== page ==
I sat idling in the parking lot while I checked the addresses on the parcels and made sure the letters inside were the right ones. Not as delicate as the many sting operations I had played when I was on the force, but still a job that required care. My hands were shaking like I’d been on a three-day drunk as I sealed each parcel and placed it back on the cushion beside me. The weathered and cynical face in the rearview mirror stared me like my old man used to, incredulous and judgmental even now from the grave like some judge and jury from hell. I stared right back, as steely eyed as a beat-up boxer facing the 15th round of a match he’s not sure he’ll survive, while his cut man is whispering in his one good ear to let him throw in the towel because this kind of brutality just ain’t worth it. With a deep breath, I scooped up the parcels, got out of my old jalopy, and stepped into the weathered local post office.

The clerk, a blonde bombshell with a New York accent, was just opening her cage when she saw my face, the first customer of the morning.

“Sweetheart, can you weigh some parcels for me?” I asked, Bogarting my S’s.

“Sure thing, Mr, er… Ms Spade.”

“Call me Joyce, sweetheart.”

“Whatever you say, doll.”

She weighed each parcel, studied the zip code, and asked if I would need confirmation that they were received. Received? I’ll damn sure know if my associates get ’em — won’t need a piece of paper to know that.

Cutting ties with the firm — just the thought of that made me feel like I had taken a belt of scotch for breakfast and the warm flush was swirling around my stomach like a convention of moths crazily flying around a Coleman stove in the middle of a midnight rendezvous in the High Sierras. We had owned a software joint in the old days, writing computer code, hitting the road for sales trips, reinventing the world like a group of crazed musicians who didn’t know any better and thought it would only be a matter of time before we were opening for Sinatra at the Copa. We’d been through a lot, my associates and I, and dropping off these parcels felt like I was sitting at a funeral, only I wasn’t sure if the funeral was mine or someone else’s. We’ll just have to see who’s still talking when they close the casket, I thought. Might be pretty rough on me, something like this — some men take it personal, and while my associates weren’t a rough bunch, they all had my number like big brothers who could almost see your cards as you held them in your hand. Let them down? Hell, I could become invisible to them faster than falling off the Golden Gate Bridge at night in a dense fog into shark-infested waters.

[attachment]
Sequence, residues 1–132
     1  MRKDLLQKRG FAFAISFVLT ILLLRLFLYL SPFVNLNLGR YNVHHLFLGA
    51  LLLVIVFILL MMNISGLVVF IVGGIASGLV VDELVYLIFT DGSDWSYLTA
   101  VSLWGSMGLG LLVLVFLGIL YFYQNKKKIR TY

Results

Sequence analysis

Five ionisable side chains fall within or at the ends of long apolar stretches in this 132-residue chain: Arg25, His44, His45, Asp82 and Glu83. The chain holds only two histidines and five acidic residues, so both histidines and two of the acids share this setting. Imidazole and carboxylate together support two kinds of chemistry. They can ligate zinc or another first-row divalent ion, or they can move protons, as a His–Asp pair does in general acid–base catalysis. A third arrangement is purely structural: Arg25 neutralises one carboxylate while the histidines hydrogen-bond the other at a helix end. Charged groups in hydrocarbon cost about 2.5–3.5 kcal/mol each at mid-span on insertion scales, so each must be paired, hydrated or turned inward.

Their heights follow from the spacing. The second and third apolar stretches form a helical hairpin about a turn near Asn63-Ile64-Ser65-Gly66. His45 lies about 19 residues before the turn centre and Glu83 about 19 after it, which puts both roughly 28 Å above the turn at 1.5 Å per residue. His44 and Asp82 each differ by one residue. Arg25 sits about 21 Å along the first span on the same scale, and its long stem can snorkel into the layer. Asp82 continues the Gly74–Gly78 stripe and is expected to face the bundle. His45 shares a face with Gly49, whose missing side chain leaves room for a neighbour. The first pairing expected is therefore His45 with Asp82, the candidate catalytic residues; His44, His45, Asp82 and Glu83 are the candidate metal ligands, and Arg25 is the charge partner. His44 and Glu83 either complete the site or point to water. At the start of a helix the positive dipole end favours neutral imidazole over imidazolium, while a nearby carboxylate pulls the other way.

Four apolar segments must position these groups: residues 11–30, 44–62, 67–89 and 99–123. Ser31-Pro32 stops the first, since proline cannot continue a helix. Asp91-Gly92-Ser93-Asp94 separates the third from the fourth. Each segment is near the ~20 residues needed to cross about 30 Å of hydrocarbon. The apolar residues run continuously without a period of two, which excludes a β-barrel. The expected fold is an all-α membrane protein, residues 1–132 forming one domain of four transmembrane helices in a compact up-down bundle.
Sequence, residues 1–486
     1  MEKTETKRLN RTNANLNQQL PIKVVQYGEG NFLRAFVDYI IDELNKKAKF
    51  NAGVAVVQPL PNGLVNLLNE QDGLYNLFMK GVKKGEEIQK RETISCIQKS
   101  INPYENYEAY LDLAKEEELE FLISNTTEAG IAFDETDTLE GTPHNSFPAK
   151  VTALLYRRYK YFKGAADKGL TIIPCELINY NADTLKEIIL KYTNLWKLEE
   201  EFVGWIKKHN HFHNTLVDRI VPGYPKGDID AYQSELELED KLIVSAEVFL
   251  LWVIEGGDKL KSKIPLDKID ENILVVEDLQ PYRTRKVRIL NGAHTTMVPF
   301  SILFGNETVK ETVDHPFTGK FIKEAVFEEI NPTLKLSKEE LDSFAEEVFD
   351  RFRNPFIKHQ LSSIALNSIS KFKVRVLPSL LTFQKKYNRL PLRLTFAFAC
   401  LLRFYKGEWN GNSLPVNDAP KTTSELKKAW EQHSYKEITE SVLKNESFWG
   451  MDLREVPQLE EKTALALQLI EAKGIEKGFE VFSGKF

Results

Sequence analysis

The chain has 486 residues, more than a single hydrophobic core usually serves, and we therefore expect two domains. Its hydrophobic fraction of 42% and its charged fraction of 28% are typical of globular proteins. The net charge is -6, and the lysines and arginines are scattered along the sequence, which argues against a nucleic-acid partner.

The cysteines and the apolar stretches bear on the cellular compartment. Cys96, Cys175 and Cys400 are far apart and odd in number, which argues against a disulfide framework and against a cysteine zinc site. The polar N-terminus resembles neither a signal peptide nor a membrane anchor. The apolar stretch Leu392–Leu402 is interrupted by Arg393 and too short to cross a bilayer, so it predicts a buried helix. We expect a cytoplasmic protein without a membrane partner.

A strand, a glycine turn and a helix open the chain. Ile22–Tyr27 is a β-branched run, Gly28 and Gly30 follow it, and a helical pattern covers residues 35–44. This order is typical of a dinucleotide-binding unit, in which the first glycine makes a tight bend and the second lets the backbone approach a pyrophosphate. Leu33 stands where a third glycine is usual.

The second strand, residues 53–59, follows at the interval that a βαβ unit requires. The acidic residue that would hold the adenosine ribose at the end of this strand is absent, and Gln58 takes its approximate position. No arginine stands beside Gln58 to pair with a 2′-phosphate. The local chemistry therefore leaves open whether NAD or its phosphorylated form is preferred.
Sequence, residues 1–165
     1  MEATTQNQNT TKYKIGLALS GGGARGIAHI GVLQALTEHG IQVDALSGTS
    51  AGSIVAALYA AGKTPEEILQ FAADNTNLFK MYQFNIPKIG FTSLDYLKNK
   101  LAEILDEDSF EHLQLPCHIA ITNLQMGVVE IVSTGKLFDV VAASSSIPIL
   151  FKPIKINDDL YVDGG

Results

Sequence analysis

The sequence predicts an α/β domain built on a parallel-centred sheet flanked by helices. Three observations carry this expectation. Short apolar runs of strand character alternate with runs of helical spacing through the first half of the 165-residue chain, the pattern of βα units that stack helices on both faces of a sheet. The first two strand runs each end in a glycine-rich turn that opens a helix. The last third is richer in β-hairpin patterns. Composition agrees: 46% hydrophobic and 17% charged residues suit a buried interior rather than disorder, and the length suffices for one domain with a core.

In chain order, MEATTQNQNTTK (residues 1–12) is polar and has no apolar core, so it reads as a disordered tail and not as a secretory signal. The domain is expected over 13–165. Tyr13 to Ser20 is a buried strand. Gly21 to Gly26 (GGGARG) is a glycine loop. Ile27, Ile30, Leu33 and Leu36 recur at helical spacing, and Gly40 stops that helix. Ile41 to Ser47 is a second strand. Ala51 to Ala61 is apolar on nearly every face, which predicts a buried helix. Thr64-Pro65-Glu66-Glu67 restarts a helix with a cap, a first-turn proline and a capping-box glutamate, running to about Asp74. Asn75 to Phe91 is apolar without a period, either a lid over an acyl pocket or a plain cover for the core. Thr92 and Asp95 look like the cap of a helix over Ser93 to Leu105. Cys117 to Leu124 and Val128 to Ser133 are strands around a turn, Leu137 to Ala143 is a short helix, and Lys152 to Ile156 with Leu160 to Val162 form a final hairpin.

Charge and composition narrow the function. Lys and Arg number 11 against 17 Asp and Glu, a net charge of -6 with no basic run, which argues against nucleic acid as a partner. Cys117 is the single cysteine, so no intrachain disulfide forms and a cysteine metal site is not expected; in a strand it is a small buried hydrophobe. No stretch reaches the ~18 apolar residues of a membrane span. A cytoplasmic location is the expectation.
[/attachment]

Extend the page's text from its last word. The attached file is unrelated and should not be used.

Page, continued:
One by one, the clerk put the postage on each parcel and lobbed it into the sack behind her like a cook carelessly tossing the rotten vegetables into the rubbish bin, a repetitive, routine act to her. But to me, the thud of each parcel into that basket felt anything but routine, reminding me of the sound of a .44 cartridge being loaded into a pistol for an evening of Russian Roulette, and by the time I heard the fourth and final thud, I already knew that I was fighting the odds like a washed up gambler who, banished from Vegas, drives into those little Nevada highway towns like Ely and Eureka and Austin to play blackjack all night in the truckstop/casino, hoping against hope that he might catch a break between dusk and dawn, but knowing all along that he’s running out of time and luck.

I paid the clerk, tipped my hat to her, and walked back to my car, legs shaking like I’d just been hit in the knees by a fourth-quarter crack-back block in the Rose Bowl. “Well,” I said to my grizzled reflection, wiping my eyes on account of something that had gotten in them on the way back to the car, “I guess that’s that, it’s a crap-shoot at this point and we’ll let the chips fall where they may.”

So now it’s a waiting game that lasts hours, maybe days, a lonely stakeout in a cul-de-sac, only one way out and you know it could turn out good or bad, but you’ve drawn this beat and now that you’ve jumped into it with both feet, you’ll stick to it like the hot tar in the La Brea pits clings to the sabre-toothed tiger and wooly mammoth.

Let’s just hope I don’t get sucked in and petrified, ’cause there ain’t no amount of thrashing that’ll get me out of that kind of pickle.